The New/Old Cold War

The Soviet Union may have ended, but the cold war between Moscow and Washington never did. Over the last 16 years, the Russians have taken full advantage of our distraction with our domestic issues in the 1990s and the war against Islamic terror since September 11, 2001. They have used that time to solidify an increasingly powerful authoritarian regime in the Kremlin, re-assert their influence over the former Soviet Republics and tighten their control over some of the world’s richest oil reserves. At the same time, they’ve proliferated nuclear and other weapons of mass destruction, grown fabulously rich doing so, and propped up useful proxies like Iran. They have also paralyzed the UN Security Council on issues like nuclear inspections of regimes such as Iran and North Korea, not only because they have a veto but because the Chinese (and often the French) follow their lead. The Russian bear never really hibernates.

Rather than confront the Russians head-on, however, we’ve buried our head in the Saudi sands. Instead of dealing straightaway with both Russia and its most major client, a soon-to-be nuclear Iran, we have chosen instead to further drown the Middle East in weapons.

For years, the Russians have been proliferating nuclear materials to Tehran, either directly or through third parties. As the French found with nuclear sales to Saddam Hussein, it is a most profitable venture for a regime with limited other exports and a shaky economy. For Russia, nuclear exports are lucrative, easy, and sold without conscience. For Iran, the Russians are the perfect business partners: discreet, willing, and reliable. Some Russia-watchers say Moscow is only interested in money, not spheres of influence. But leopards’ spots don’t change: Russia is still a great power with attendant interests. And even if they are only interested in money, then they are looking to be bought off — by us, by the Iranians, by whoever will pay.

It is amazing the lengths to which we will go to avoid dealing with the root problem, headquartered in Moscow. Of course, the Saudis, our slippery “allies,” condemn global Islamic terror on one hand and finance it with the other. But Sunni Riyadh has two big nightmares: one, that the Islamic fundamentalists they have spent years trying to placate will overthrow them; and two, that Shiite Iran will dominate the entire Persian Gulf once it possesses a nuclear weapon. On the first scenario, the Sheikhs believe they have bought themselves some time and space. On the second scenario, they believe they have neither. That is why they are requesting ever-more advanced weapons from the United States.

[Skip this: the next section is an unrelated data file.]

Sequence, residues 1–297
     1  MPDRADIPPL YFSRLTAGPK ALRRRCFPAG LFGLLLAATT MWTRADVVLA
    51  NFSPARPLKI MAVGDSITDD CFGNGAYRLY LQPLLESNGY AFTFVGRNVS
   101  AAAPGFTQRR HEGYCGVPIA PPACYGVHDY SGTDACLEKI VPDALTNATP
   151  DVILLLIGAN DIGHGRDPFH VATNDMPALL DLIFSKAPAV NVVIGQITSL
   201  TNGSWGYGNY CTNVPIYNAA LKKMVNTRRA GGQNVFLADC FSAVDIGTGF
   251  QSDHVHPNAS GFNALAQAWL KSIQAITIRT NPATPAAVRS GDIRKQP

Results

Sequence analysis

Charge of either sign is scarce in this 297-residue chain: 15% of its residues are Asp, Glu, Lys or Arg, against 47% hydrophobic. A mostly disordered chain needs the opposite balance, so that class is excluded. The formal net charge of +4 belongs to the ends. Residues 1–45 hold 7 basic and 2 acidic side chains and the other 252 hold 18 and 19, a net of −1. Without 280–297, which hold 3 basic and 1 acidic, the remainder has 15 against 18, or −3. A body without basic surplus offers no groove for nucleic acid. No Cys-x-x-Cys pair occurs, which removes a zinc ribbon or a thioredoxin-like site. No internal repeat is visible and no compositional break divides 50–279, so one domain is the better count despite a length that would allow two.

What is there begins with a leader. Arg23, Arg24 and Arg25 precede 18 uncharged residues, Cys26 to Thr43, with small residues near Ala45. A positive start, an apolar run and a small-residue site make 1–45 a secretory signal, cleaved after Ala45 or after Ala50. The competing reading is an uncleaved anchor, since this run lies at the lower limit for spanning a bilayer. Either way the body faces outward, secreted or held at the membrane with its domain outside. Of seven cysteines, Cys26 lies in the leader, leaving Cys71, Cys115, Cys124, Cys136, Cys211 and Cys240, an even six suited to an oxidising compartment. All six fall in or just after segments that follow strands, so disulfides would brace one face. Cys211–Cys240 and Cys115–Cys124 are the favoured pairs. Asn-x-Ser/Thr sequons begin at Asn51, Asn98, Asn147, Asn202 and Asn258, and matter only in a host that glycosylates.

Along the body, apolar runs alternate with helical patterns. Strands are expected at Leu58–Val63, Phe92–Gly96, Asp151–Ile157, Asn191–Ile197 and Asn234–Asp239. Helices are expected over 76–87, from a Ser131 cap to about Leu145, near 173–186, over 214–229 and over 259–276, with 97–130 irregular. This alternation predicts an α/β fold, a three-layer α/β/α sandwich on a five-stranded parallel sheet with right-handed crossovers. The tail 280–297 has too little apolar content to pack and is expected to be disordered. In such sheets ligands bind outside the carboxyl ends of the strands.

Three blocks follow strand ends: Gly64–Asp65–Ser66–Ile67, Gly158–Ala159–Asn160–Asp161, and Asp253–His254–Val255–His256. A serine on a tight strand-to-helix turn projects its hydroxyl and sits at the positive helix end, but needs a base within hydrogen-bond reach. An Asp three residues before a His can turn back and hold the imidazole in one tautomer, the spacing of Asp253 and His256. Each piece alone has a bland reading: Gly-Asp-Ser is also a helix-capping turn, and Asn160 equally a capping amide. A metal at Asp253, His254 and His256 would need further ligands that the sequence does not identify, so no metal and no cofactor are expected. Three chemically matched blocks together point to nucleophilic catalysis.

This week, the Bush administration announced a proposed sale to Riyadh of satellite-guided “smart” weapons. Under the terms, Saudi Arabia will receive thousands of Joint Direct Attack Munitions, a kit that converts existing unguided free-fall bombs into precision-guided “smart” weapons. The sale was coupled with a 25% increase in U.S. military aid to Israel, but Tel Aviv still registered deep concern that the new weapons would give Saudi Arabia the capability to accurately fire missiles into southern Israel.

The Israeli concerns are legitimate, but that’s not what this sale is about. It’s about the U.S. calming the Saudis about the growing Iranian nuclear threat. It’s about buying time with Riyadh so it doesn’t begin to go nuclear to compete with Tehran. It’s about stalling.
The Russians then did what they do best: kick up the arms race. A day or so after the Saudi sale was announced, it was reported that Moscow plans to sell 250 advanced long-range fighter jets to…guess who? Their “partners in peace,” the Iranians. According to the Jerusalem Post, Iran also plans to buy a number of aerial fuel tankers compatible with the fighter jets and capable of extending their range by thousands of miles, giving Tehran new offensive capabilities. This sale comes on the heels of another recent Iranian purchase of advanced Russian antiaircraft systems used to protect Iran’s nuclear installations (the ones they claim are for “peaceful” purposes.) The Israelis are raising legitimate concerns about this sale as well, but again, that’s not what this transaction is all about.

The Russians are selling nuclear materials and other weapons to Iran because Iran is succeeding in defeating the United States in Iraq, harboring many top members of our most lethal enemy, al Qaeda, exporting terror and its tools around the world, and destroying our greatest Middle East ally, Israel, through Hezbollah and Hamas. The Russians are interested only in humiliating and weakening the United States in the region so their proxy and client, Iran, can dominate it. And by extension, the Russians will control it all.

Despite our best efforts to deny it, there is an intensifying cold war with Russia. It is manifesting in a nuclearizing Iran. But rather than deal with the core problem, we are papering over it with new arms sales to a major terrorist-sponsoring state which poses as our “ally.” Of course, Moscow is countering by selling arms to the definitive terrorist-sponsoring state which has called for “Death to America” since 1979. It is a vicious spiral that is enormously destabilizing. Unless and until we deal with the REAL issue — Russia — we will have a nuclear Iran, a violent and volatile Iraq, Israel under increasing siege, a region in hot pursuit of nuclear weapons, and oil at $100 a barrel, perhaps more. The Russians are the ultimate ringleaders of all of this. And confronting them in a way reminiscent of Ronald Reagan is the only way we are going to halt any of it.